Soups, salads and sandwiches dominate the menu, which will be available during Made in the South marketplace hours. Attendees have their pick of chicken and sausage gumbo; pork cheek chili and a garden salad, each priced at $8. Shrimp remoulade, chicken salad and beef tongue will be served in salad ($7) and po-boy ($9) form. Other listed savories include duck liver mousse, pimento cheese, collards, red rice and deviled eggs. Continue reading “What’s For Lunch at Jubilee” »
A four-year old Johns Island restaurant is picking up where Austin’s Food & Drink left off, returning breakfast and lunch to the pint-sized nook at 116 Spring St.
“I don’t think she had the concept of what people wanted,” Sunrise Bistro co-owner Jessica Welenteichick says of the café which this fall failed after a few short months. Welenteichick and her partners acquired the 14-seat restaurant in a turnkey deal, with plans to open Sunrise Bistro Express by early 2014.
“That lady, she was like an interior decorator wanting to go into restaurants,” Welenteichick continues. “We’ve built ourselves a reputation.” Continue reading “Sunrise Bistro Takes Over Tiny Cafe on Spring Street” »
Downtown diners concerned about the impending demise of Fish’s daily lunch deal may want to transfer their noontime routines to 39 Rue de Jean, which this week started offering an $11.99 lunch special.
During the week, the restaurant will serve a choice of featured soup, salad or entrée for the promo price. Coffee or iced tea is included, but a glass of house wine costs an extra $4.
The special runs from 11:30 a.m.-3 p.m., and the week’s menu will be posted on Rue de Jean’s social media outlets. This week, customers have their pick of the day’s soup; a mesclun salad with tomatoes and cucumbers and grilled pork tenderloin with orange marmalade and braised kale (which sounds like the surest way to get your money’s worth.)
One of the first restaurants to brave upper King Street is adjusting its schedule to reflect the changing character of the neighborhood.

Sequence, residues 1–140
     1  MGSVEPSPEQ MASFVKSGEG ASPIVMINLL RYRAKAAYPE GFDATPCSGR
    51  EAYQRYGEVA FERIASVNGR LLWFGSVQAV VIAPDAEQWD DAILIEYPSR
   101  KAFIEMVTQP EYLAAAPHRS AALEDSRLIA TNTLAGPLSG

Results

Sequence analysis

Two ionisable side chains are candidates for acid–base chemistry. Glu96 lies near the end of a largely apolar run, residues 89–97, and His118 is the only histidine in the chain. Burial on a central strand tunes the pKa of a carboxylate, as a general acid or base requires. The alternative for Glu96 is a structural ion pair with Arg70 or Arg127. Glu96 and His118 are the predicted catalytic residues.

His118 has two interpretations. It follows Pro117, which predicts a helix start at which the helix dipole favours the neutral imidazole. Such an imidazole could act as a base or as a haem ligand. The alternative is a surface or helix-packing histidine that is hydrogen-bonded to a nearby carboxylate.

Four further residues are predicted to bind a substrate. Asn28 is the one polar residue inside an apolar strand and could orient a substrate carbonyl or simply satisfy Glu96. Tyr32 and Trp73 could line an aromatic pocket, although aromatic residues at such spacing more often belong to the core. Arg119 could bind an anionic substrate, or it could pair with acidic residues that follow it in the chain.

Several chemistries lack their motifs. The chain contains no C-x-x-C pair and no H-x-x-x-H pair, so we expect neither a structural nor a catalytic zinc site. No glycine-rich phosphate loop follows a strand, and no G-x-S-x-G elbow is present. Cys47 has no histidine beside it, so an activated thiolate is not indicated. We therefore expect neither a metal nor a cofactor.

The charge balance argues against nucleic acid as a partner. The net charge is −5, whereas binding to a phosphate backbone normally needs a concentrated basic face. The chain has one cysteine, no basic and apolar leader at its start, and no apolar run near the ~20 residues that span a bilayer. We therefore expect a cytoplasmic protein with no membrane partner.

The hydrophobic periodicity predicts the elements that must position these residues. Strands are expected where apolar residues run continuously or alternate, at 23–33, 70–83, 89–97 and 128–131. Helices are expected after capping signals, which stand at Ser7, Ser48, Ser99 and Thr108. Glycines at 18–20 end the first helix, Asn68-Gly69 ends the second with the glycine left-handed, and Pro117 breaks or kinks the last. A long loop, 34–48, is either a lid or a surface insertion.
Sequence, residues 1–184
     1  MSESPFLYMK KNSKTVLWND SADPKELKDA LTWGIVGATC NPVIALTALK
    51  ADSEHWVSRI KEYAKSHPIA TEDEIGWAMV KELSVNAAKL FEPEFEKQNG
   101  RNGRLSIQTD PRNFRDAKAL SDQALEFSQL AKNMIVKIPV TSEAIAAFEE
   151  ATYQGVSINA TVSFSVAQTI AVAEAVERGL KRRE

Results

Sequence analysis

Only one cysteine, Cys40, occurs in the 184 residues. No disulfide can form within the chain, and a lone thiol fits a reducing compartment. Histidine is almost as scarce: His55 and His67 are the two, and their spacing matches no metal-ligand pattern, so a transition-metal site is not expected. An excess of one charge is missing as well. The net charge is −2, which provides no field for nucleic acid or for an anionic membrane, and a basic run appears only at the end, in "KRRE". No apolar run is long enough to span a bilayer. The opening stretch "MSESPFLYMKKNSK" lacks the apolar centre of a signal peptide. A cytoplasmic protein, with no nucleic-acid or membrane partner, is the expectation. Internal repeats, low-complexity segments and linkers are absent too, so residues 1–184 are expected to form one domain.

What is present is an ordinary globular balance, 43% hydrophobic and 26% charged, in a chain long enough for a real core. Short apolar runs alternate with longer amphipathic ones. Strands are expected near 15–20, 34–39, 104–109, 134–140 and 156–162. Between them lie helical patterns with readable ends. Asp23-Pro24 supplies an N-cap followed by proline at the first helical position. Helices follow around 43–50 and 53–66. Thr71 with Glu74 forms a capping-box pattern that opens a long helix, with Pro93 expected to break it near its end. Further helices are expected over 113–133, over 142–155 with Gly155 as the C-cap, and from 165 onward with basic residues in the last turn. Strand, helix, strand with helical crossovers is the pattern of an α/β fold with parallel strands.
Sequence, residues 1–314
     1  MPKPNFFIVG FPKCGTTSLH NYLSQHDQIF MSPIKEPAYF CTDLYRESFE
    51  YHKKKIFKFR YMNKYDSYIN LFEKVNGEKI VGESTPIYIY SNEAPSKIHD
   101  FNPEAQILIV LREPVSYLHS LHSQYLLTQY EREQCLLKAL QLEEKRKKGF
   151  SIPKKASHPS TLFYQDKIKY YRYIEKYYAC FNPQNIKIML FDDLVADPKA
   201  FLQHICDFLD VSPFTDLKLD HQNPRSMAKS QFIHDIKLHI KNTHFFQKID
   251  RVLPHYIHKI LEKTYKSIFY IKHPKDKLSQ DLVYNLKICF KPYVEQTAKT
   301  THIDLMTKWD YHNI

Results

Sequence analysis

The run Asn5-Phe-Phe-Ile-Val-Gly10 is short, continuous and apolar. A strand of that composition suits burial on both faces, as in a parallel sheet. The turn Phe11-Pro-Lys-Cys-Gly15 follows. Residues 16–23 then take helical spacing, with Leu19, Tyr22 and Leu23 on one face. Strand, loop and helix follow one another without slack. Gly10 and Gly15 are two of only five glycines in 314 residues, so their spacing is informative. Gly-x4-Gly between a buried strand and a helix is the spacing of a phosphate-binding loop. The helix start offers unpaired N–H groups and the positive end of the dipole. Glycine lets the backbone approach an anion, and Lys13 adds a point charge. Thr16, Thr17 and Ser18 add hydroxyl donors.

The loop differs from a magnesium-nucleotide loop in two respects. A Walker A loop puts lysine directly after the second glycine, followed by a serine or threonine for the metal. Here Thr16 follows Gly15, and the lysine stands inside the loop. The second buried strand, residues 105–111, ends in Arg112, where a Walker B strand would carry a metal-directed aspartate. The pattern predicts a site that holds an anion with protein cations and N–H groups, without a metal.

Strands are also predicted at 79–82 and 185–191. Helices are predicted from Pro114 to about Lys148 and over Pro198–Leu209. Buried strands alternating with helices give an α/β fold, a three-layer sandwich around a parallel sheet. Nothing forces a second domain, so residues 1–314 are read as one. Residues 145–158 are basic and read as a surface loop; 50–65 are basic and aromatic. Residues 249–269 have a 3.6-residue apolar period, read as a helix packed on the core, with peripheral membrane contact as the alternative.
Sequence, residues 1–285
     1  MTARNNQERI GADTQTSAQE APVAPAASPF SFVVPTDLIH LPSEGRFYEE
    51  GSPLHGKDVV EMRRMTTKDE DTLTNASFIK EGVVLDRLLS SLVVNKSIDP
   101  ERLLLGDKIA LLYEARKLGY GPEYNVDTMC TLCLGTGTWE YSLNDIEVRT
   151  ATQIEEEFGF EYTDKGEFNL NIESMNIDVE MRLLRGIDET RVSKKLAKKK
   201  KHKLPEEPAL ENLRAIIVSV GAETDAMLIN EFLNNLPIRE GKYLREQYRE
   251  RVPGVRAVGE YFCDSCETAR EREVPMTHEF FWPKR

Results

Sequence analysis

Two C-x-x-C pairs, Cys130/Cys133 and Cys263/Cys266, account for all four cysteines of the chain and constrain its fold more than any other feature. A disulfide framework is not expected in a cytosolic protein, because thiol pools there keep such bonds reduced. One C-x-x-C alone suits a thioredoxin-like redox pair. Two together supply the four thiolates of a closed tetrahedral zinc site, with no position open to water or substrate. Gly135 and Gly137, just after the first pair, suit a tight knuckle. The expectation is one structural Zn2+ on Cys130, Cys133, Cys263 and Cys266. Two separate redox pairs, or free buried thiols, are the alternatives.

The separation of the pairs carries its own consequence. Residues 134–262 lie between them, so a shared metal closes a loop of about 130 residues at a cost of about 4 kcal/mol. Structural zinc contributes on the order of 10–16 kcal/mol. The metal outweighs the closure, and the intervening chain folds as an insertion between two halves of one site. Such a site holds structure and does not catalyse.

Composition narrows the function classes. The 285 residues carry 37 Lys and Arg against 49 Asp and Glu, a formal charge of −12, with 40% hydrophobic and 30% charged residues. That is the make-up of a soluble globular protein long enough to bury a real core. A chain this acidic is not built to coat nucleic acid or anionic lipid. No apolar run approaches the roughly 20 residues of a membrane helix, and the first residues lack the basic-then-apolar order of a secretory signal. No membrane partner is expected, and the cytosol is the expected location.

With so many diners now flocking to the area, Fish is doing away with the lunch program it devised to draw customers who might be skittish about venturing north of Calhoun Street at night. According to Christie Gregovich of operator Patrick Properties Hospitality Group, lunch wasn’t part of the 13-year old restaurant’s original business plan.
“The thought was really to give folks a reason to come to this side of town,” Gregovich says of the popular $10 lunch deal. “Now with the development of the neighborhood and growth in foot traffic, we can really be truer to our business model and respond to what we see as a stronger call to offer dinner service on Sundays.” Continue reading “Fish Eliminates Lunch Service” »
The standard Restaurant Week meal format – exceedingly popular in most corners – can aggravate diners in the habit of skipping dessert, since the three-course, prix-fixe dinners invariably end with sweets. Economically, it makes sense for restaurants to pad their menus with chocolate mousse and crème brulee, since eggs and sugar are cheaper than centerpiece proteins. But that’s little consolation to the Charleston Restaurant Week goer who’d rather double up on boiled peanut hummus (Magnolias) or pickled shrimp salad (Stars).
This year, though, the Greater Charleston Restaurant Association (GCRA) has tweaked its biannual program in a way which should please savory fans: Participating restaurants are being encouraged to devise toned-down lunch menus, offered at a slightly lower price. The three restaurants which have thus far posted their event lunch menus online – 82 Queen, Rutledge Cab Co. and Ms. Rose’s Fine Food and Cocktails – met the $15 challenge by doing away with dessert. Continue reading “Charleston Restaurant Week Returns — This Time, With Lunch” »